Mileage in running and in love
When I turned the calendar this morning to begin this new month of February, I realized that this month my husband, SP, and I will be celebrating seventeen years together. Seventeen years!!! That’s crazy, mind-boggling, and ridiculous.
I also realized that in just a few more weeks I will be running my first marathon. That is also crazy, mind-boggling, and ridiculous.
How did I get here?
What was I thinking, seventeen years ago, when I said yes to that first date with SP? Well, I was thinking he was cute and I wasn’t doing anything else that particular Wednesday evening after work. Why not?
Similarly, what exactly was I thinking when I hit the submit button on the LA Marathon registration form? I certainly wasn’t thinking that I’d be actually running insane amounts of miles on my own in preparation; rather I saw it as a fun experience, a great way to spend a Sunday—in LA with my family.
I’m scheduled to run eighteen miles this Monday. Eighteen fucking miles! Sometimes I wonder why I even think that is a possibility; but something unknown tells me it is. I can see the 30,000 people gathered at the start line; I can hear Randy Newman’s “I Love LA” blaring across the crowd; I can see myself crossing the finish line all smiles. (Okay, I really see myself crossing the finish line all champion-like with arms over head and little beads of sweat splashing across my face as I whip my ponytail from side to side, “Eye of the Tiger” playing, and my adoring fans cheering me on: “Yay, Debi!” Please understand that it does take a bit of grandiose delusion to take on a marathon, so visions of grandeur are part of the game.)
And while we’re on the topic of grandiose delusions, let’s not overlook the whole “happily ever after” and “until death do us part” deal that gets most of us to the altar. My delusional images of marriage did not include family and life stresses, illnesses, financial burdens, or anything else that might take away from a life of romance and hot sex. Ha!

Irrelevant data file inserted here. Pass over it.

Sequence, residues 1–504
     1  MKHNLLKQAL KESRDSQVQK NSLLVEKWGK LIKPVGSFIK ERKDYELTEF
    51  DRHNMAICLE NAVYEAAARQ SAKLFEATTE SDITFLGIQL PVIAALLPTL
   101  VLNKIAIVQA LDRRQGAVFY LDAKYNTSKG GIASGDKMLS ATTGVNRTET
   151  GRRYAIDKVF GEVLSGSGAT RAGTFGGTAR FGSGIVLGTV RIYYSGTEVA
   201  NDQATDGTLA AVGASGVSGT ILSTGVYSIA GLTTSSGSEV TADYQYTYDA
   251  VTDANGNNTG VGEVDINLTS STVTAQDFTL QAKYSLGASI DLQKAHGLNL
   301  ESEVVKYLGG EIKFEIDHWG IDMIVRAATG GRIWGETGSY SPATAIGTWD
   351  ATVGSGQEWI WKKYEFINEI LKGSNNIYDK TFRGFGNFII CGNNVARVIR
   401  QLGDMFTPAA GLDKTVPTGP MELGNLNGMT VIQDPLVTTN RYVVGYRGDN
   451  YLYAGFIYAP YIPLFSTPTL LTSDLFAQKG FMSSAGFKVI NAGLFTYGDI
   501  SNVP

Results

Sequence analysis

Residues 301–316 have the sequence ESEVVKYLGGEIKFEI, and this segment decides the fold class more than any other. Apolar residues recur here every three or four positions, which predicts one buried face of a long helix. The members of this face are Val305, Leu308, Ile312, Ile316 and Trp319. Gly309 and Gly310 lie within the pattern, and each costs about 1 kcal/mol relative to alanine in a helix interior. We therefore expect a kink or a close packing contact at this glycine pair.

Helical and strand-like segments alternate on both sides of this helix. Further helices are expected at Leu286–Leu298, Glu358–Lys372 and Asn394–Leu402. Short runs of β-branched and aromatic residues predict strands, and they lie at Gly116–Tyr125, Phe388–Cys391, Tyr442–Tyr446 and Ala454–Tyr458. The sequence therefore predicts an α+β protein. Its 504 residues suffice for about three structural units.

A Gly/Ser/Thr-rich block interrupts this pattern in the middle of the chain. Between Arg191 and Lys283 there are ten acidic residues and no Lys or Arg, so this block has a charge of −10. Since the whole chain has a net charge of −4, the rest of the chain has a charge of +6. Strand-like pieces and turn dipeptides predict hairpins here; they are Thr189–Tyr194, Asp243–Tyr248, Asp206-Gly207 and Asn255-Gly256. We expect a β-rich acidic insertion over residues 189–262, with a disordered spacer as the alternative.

Enduring the pain and basking in the bliss
Building endurance in both marriage and running is essential. I have learned that when times are good, it’s easy to step back and take it easy, enjoy the happy spot; run effortlessly; live the happily ever after. Momentarily. But when it gets tough, be it hamstrings on fire in mile fourteen, or major life stressors in year sixteen, it’s best to narrow the scope and focus on one step at a time, both literally and figuratively.
By understanding the parallels of endurance training and marriage, I hope to become both a better mate and a better runner. This is what I’ve learned so far:
- Perseverance: To stay with something, to not quit, brings unexpected rewards. Feelings of being a rock star are not uncommon when we throw down long miles without stopping or find our way back to love after an intense argument. That’s when I start humming “I am Woman. Hear me roar . . .”
- The right tools: In running, a good pair of running shoes, sunscreen, and a full water bottle all help to minimize injury to the body; just as in marriage, communication skills, kindness, and respect help to minimize injury of the heart.
- Accessories are essential: Yes! A fun, colorful running skirt, a loaded iPod, and happy socks make the run way more fun. And a fine Cabernet, date night, and a trip to the “sensual toy store” all increase the marital fun-factor.
- Compassion: Struggling through painful times (miles or months) and coming out the other side, brings a sense of self-compassion that I have never known before. And the great thing about self-compassion is that by nature it cannot be contained, it radiates outward to those around us.
- Trust: When I think of the miles on my training plan or of the uncertain years ahead, I can so easily become filled with fear and doubt. Trust becomes a necessary anchor: Trust the training. Trust that all is as it should be.
- Support: Support is essential in both distance running and marriage. Whether it’s the sage advice I receive from my Superstar Stepdaughter Gia, or miles run with my friend, neighbor, and running buddy, Kalli, or SP and NP cheering me on as I run up the driveway after conquering sixteen miles, I am able to exhale in that support. And in marriage, when either partner takes on new a challenge or a new adventure, cheering each other on is integral and fun! All acts of endurance need a cheering section.
- Gratitude: The post-run gratitude for my body and for all it did/does for me takes me to that deep and private space of my spirituality. And as I lie in bed at the end of the day, my body worked, I realize that I am able to run those miles because of the enthusiastic support of my family. The blessings and gratitude run deep.
- Love: After all, it is love that drives everything.
Continuing on . . .
I cannot tell you how many times I have wanted to bail out of a run (especially those damn hill repeats), or our marriage. (But every time SP and I consider throwing in the towel, we realize that we are stuck together forever because there are no two other people on this planet that would tolerate our finicky eating habits. FTW!)
Finally, I have learned that both marathon training and marriage are ordeals; neither is to be taken lightly or accomplished without pain and suffering. And with perseverance and trust, both can bring great satisfaction and joy. Besides, what else are you going to do on a Wednesday evening?
Here’s to eighteen miles on Monday and seventeen years with SP on February 22.
What keeps you going in your training or in your marriage?